If you have to travel to hills stations, do plan a hike through Ayubia National Park. I visited this park in 1989. Many people confuse it with the city of Ayubia on the hill top, but the park itself is located in the deep valleys in its neighborhood.
It is a comparatively small national park located about 50 kms from Islamabad in the Galliyats / Murree hills. The park supports one of the best remaining examples of moist lower Himalayan temperate forest in Pakistan. No official figures are available, but local estimates suggest that there are about 100,000 visitors per year to this beautiful.
If you are lucky, you may be able to see a Western Tragopan, Koklass; Kaleej and Cheer Pheasants, asiatic leopard, black bear, Yellow throated Marten, Kashmir hill fox, Red Flying squirrel, Himalayan palm civet, Masked civet and Rhesus Macaque. Birds in the park include Golden eagle, Himalayan Griffon vulture, Honey buzzard, Peregrine falcon, Kestrel, Indian sparrow hawk, Hill pigeon, Spotted dove and Collared dove.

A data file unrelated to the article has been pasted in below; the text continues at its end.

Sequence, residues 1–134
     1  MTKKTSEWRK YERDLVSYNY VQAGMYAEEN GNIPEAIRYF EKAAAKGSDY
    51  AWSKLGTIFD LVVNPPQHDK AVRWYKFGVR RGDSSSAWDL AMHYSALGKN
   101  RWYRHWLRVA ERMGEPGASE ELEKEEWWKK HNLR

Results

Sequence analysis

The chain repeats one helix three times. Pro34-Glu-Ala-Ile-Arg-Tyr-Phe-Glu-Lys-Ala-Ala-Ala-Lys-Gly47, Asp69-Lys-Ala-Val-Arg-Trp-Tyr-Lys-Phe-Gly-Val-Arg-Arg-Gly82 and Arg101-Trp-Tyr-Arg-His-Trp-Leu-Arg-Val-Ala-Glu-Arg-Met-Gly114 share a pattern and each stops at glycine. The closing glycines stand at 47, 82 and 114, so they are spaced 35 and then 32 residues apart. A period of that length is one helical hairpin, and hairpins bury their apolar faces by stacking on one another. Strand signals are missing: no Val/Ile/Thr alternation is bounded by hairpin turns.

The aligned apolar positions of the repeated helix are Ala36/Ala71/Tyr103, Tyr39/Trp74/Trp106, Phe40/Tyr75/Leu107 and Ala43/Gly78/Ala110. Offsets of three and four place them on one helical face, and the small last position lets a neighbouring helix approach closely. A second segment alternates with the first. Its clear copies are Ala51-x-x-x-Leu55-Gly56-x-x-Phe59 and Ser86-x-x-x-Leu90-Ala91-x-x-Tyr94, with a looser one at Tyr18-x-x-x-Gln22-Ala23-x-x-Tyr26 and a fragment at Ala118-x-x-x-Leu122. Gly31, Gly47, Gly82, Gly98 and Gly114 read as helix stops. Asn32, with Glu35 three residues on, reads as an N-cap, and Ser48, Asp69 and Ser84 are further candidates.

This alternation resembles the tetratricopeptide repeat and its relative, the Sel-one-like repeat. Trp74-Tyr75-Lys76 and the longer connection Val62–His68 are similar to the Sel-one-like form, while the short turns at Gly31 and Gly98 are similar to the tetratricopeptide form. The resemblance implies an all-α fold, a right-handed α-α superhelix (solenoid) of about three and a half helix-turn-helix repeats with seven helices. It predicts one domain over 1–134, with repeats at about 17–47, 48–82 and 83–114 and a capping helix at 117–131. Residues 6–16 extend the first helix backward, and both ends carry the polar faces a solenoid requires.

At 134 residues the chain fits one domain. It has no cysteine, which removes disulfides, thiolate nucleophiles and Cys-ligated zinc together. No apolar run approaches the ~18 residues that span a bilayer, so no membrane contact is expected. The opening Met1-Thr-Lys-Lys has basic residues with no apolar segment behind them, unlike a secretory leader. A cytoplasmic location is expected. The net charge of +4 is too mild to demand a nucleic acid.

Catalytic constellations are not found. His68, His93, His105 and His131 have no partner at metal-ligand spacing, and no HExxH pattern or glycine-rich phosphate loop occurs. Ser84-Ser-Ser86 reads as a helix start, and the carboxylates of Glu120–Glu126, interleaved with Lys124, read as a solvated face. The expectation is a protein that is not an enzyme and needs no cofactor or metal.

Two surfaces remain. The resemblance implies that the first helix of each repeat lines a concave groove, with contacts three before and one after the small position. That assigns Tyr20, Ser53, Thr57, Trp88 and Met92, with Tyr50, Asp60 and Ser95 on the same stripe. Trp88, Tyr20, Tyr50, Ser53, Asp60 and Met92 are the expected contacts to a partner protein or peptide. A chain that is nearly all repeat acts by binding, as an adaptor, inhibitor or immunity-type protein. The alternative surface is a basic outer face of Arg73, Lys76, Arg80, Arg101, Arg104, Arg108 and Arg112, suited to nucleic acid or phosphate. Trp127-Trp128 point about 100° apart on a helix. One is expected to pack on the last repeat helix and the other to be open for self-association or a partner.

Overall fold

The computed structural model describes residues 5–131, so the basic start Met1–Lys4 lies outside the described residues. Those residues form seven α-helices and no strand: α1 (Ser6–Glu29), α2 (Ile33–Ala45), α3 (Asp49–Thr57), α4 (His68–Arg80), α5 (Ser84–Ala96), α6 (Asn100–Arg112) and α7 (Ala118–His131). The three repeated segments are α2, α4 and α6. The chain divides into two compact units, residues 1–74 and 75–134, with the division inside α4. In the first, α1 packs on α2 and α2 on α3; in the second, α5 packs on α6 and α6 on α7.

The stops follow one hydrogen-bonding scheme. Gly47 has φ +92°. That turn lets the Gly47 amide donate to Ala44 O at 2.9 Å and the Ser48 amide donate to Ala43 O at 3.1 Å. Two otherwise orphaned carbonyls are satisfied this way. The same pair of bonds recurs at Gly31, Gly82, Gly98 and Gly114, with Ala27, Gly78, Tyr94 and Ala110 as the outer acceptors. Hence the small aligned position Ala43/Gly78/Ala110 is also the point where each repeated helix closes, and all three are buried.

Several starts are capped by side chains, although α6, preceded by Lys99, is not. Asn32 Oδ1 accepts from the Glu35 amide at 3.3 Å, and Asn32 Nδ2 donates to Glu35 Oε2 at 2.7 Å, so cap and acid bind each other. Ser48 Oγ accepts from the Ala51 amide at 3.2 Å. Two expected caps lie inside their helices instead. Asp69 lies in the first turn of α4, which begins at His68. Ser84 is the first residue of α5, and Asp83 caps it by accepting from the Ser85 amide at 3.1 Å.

Pakistan has a network of 225 Protected Areas comprising 18 National Parks, 99 Wildlife Sanctuaries, 96 Game Reserves, and 16 unclassified areas. The total area covered by these categories is 10.4% of the total land area of the country. Some of these are easily accessible from its major cities like Kirthar Range near Karachi, Margallah Hills near Islamabad, Chiltan-Hazara Ginji near Quetta, etc. These national parks are home to a diversified range of wildlife such as Muntjac or Barking Deer shown here, Chinkara Gazelle, Blacbuck, Snow Leopard, Black and Brown Bear, Asiatic Leopard, Markhor sheep, the blind Indus Dolphin, birds of prey, waterfowl, etc.
The Ecotourism Society Pakistan (ESP) has strongly rejected proposed plan of Capital Development Authority (CDA) to construct a tunnel through Margallah Hills within the premises of Margallah Hills National Park.